- Merger to create third largest bank in country
- Combination marks first-ever three-way merger in country's banking sector
- Interests of employees to be protected, says government
Here are five things to know:
The government said in a statement that as per the scheme of amalgamation, Bank of Baroda will be the transferee bank while the other two public sector banks will be transferor banks. That means the businesses of Vijaya Bank and Dena Bank will be transferred to Bank of Baroda.
The undertakings owned by Vijaya Bank and Dena Bank that will be transferred to the third state-run lender will include assets, liabilities, rights, titles, claims, licenses, approvals, privileges and properties.
"There will be no impact on the service conditions of the employees and there will be no retrenchment following the merger," Union Minister Ravi Shankar Prasad told reporters.
All permanent and regular officials of Vijaya Bank and Dena Bank will also be transferred to the merged entity.
The board of Bank of Baroda will "ensure that the interests of all transferring employees and officers of the transferor bank are protected".
The merger will help create a strong, globally competitive bank with economies of scale and enable realisation of wide-ranging synergies. Public at large will benefit in terms of enhanced access to banking services, the government noted.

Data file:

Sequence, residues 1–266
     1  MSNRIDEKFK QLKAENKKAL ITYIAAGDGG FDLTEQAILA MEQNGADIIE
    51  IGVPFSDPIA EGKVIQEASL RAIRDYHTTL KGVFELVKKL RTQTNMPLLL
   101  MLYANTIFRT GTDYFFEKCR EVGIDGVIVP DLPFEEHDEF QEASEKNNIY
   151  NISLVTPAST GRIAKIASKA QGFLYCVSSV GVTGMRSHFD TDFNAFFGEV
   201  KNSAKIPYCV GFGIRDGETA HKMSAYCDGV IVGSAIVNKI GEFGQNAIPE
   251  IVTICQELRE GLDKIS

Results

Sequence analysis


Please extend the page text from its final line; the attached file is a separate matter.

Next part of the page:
The Bank of Baroda board approved a share exchange ratio under the merger subject to regulatory approvals. As part of the merger, Bank of Baroda will issue 402 shares of Rs 2 each for every 1,000 Vijaya Bank shares of Rs 10 each, and 110 shares of Rs 2 each for every 1,000 Dena Bank shares of Rs 10 each.
The clearance to the amalgamation plan by the government comes after nearly 10 lakh bank officials called a strike on two days to protest against the proposed merger and press for immediate settlement of wage negotiations.
The government had in September last year introduced its plan to merge the three lenders as part of efforts to tackle a pile of bad loans plaguing the banking sector. (Also read: Government proposes Bank of Baroda, Vijaya Bank and Dena Bank merger)
At present, 21 state-run banks in the country - holding two-thirds of assets in the sector - account for the bulk of the record $150-billion of soured loans last year.
(With agency inputs)